Little Dabs of Paint …?

Before I begin, let’s get one thing straight.  Ol’ Maarten here is all boy. Don’t you forget it …

That being said … I wear makeup.  Just once a year, mind you, and it is for professional purposes only, for a couple hours only, and with the lightest application only.  A makeup artist takes about ten minutes with me and each of my co-workers, laying on just enough foundation and powder to undo the effects of bright spotlights.

Over the years, I have consistently noticed three things about my experiences: 

1. People at home who know me personally, when seeing see me on camera, do not realize that I am wearing makeup.  They just say that I look healthy and a little tanned.

2. People who see me exclusively in those few hours when I am made up don’t recognize me otherwise when they pass me in the halls of the conference center or stand next to me in an elevator.

3. Every year some person or another mistakes me for a certain co-worker who is of similar age and height (but who looks quite different from me).

Curiously, makeup makes me look more like my own self and less like my own self at one and the same time.

These observations put me in mind of the old Victorian-era doggerel against the rising fad of lipstick and rouge:

Little grains of powder,
Little dabs of paint
Make a girl’s complexion
Look like what it ain’t.

 We have become inured to the artificiality of cosmetics.  If you can reset your aesthetic sensibilities for the human face, you quickly realize just how clownish the average American woman is expected to look in order to be considered presentable in society. Instead, we have trained ourselves not to notice makeup—to expect it—even to be revulsed if a woman goes into public without having “her face on.”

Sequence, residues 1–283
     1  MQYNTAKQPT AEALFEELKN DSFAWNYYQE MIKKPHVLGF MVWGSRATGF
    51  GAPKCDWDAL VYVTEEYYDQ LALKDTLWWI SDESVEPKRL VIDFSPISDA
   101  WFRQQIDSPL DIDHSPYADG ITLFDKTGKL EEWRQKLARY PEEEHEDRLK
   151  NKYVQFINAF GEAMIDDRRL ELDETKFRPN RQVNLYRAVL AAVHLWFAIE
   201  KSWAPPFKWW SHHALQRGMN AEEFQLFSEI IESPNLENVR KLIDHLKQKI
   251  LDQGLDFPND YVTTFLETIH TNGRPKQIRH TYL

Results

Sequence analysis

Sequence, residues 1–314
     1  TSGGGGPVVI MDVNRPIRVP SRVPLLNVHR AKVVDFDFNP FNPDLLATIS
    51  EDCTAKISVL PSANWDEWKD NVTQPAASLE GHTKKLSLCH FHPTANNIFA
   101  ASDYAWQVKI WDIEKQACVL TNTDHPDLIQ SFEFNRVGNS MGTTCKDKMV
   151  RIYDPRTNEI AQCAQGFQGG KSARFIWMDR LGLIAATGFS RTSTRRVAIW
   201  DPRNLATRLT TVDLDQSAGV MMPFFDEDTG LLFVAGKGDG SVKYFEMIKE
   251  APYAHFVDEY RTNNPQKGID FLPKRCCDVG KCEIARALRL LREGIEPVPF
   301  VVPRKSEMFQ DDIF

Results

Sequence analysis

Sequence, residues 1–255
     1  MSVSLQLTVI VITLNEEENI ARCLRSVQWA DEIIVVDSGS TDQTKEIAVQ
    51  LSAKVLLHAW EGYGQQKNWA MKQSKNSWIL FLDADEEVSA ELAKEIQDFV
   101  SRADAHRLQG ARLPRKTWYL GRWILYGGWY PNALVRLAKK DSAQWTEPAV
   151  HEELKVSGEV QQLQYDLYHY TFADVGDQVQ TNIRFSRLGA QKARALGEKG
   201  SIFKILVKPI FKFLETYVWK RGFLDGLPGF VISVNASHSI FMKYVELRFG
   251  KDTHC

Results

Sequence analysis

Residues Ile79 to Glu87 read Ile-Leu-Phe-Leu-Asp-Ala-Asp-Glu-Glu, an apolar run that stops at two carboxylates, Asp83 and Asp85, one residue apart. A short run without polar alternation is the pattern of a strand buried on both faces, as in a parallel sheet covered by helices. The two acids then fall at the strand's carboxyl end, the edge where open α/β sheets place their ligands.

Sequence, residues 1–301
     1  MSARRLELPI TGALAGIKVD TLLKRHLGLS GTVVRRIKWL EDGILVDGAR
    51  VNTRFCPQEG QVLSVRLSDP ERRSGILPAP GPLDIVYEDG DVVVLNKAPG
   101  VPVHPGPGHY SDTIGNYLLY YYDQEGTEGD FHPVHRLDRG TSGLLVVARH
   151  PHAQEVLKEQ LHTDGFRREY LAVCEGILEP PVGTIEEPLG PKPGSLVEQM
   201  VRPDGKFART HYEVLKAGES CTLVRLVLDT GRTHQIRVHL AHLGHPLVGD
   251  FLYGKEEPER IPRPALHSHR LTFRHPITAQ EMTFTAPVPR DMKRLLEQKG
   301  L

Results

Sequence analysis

One indicator of our skewed sensibilities: a popular theme for clickbait is “Celebrities Who Are Unrecognizable Without Makeup.”  I have clicked through a few of these listicles to the end.  The photos are selected, of course, for maximum contrast between the celebrity’s bare face and her made-up look. The difference can be striking.

For example, look at this photo of Sofia Vergara without makeup, from


Here is a side-by-side from the same website:


Curiously, in the purported “without” photos, Sofia is quite clearly wearing some makeup.  I’m no expert, but I would say she has on a light base of foundation with a touch of blush and maybe a little eye liner.  But we have been trained not to notice that low level of cosmetological intervention.   To our eyes, it is a bare face.

I think she looks nicer without the clownface goop, though many other celebs come off pretty bad au naturel.  Here’s a purported with/without look at supermodel Tyra Banks:


Apparently, a skilled cosmetologist can turn a Nosferatu into a Nefertiti.

So … just how effective can little grains of powder and little dabs of paint be in making a girl’s complexion look like what it ain’t?

Take a look at this video on YouTube:

Can makeup make one person look like several completely different people?  Have a gander:

Can makeup make lots of different people look the same?  Here are twenty contestants for the Miss Korea pageant (with a nod to Daddie for posting this link in a comment some time back:


Can makeup work to make one person look like one particular famous person?  Judging by the number of Britney Spears makeup tutorials on YouTube, the answer seems to be yes.  Here’s one to consider: